In the northeastern state of Manipur, a digital darkness has persisted since May 3, 2023, as a state-wide internet shutdown extends its grip, leaving residents in the lurch until at least October 11, 2023.
This extension, a recurring theme, comes against a backdrop of growing apprehension regarding its impact on basic rights, the flow of information, and essential services.
The shutdown took a brief respite on September 23 when, after nearly five months of suspended connectivity, Manipur’s government restored mobile internet services. However, this relief was short-lived, as on September 26, spurred by protests in Imphal over the tragic deaths of two Meitei teenagers, the government swiftly reimposed the ban, pushing the blackout period to October 1.
Late September witnessed a resurgence of violence in Manipur, fueled by the circulation of photographs depicting the deceased students, Luwangbi Linthoingambi Hijam and Phijam Hemanjit Singh, who had gone missing in July during the height of ethnic tensions. The ensuing student protests escalated tensions, leading to clashes with security forces and injuries among the demonstrators.
October 1 brought yet another extension of the suspension of mobile internet and data services, this time stretching the blackout until October 6.
Protests and incidents leading to shutdown extensions
Meanwhile, the Senapati District Students’ Association (SDSA) made a bold move by initiating an indefinite economic blockade on October 6 in the Senapati district. This action left approximately 90 commercial vehicles stranded along the Manipur-Nagaland border, affecting vital lifelines, National Highways 2 and 129A, crucial for Manipur.
In their statement, SDSA emphasised that access to the internet is not just a privilege but a fundamental right for all citizens, which should be uninterrupted. They strongly criticised the continuous imposition of the mobile internet ban across the entire state, even when issues were localised, as unjustifiable and a violation of basic rights in a free state.
The initial rationale for the shutdown, aimed at quelling violence between Meiteis and Kukis, has faced widespread criticism. Manipur had briefly restored broadband services on July 25, 2023, after 83 days of a complete internet blackout. However, mobile data services remained elusive, and access remained conditional. The absence of a specified end date cast a shadow of uncertainty over this partial restoration, rendering it seemingly indefinite.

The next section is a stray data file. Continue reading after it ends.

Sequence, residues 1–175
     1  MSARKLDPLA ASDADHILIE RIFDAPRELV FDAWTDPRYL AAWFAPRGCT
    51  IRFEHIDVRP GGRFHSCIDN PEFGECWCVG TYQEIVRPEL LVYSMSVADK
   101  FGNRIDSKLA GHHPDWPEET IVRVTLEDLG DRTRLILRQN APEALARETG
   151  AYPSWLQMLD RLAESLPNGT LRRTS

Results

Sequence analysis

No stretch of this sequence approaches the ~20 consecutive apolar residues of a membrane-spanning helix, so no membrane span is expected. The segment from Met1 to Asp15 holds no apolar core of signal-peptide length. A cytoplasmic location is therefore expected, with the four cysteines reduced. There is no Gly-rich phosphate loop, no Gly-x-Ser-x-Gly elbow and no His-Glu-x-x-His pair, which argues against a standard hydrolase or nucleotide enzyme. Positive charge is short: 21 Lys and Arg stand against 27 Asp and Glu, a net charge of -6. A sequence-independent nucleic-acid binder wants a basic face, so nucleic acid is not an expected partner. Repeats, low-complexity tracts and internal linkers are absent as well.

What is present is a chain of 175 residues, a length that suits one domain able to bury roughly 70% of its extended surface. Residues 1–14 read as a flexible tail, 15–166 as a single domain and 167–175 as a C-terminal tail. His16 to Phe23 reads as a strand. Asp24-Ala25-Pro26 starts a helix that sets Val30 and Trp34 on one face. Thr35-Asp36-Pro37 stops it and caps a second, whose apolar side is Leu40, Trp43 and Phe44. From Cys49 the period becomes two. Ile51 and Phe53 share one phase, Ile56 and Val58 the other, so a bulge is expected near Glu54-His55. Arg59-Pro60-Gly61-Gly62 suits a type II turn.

The extension of the internet shutdown has elicited strong reactions from various quarters, including the Naga Students’ Union Chandel (NSUC). The NSUC expressed dismay at the imposition of a mobile internet ban in the peaceful Chandel district, which had remained untouched by ethnic violence. The union highlighted the adverse impact on students, competitive exam aspirants, entrepreneurs, and the public at large, all grappling with the absence of mobile internet services.
India’s troubling trend: Internet shutdown statistics
Critics argue that the internet suspension has hindered the flow of accurate information and contributed to misinformation. Moreover, the shutdown has adversely affected emergency services and the dissemination of vital information about ongoing events.
According to reports, it is indicated that although the telecom suspension rules mandate the establishment of a review committee responsible for evaluating the legality of internet shutdown orders, there is no documented instance of Manipur’s review committee convening to address the numerous shutdown orders issued by the Manipur government’s home department.
Beyond these concerns, the internet blackout has cast a shadow over daily life, affecting access to healthcare, education, banking facilities, livelihood opportunities, and government welfare schemes dependent on the internet.
The internet shutdown in Manipur highlights the alarming rise of such incidents across India, with the country ranking second in the world for internet shutdowns in the first half of 2023, according to SurfShark’s analysis.
Over the past decade, India has witnessed 741 internet shutdowns, with the number of cases escalating from three in 2012 to 49 in 2023. Various events, including protests against the Citizenship Amendment Act in 2019, the abrogation of Article 370 in 2019, and the introduction of Farm Bills in 2021, have contributed to this concerning trend.
As Manipur’s protracted internet shutdown continues, it raises serious concerns about human rights violations, freedom of information, and the government’s adherence to legal protocols. While the digital darkness persists, stakeholders, including civil rights organisations and the international community, are relentlessly advocating for the restoration of internet access and the protection of fundamental rights in Manipur.
As the internet shutdown gets restored on October 11, it awaits to be seen how this development will impact the state and its people. In such dark times in Manipur, the prolonged internet blackout in the state is not just an isolated incident but part of a disturbing global trend where access to information, a cornerstone of democracy and human rights, is increasingly under threat. This situation illustrates the need to find solutions for the complicated relationship between technology, government, and our basic freedoms.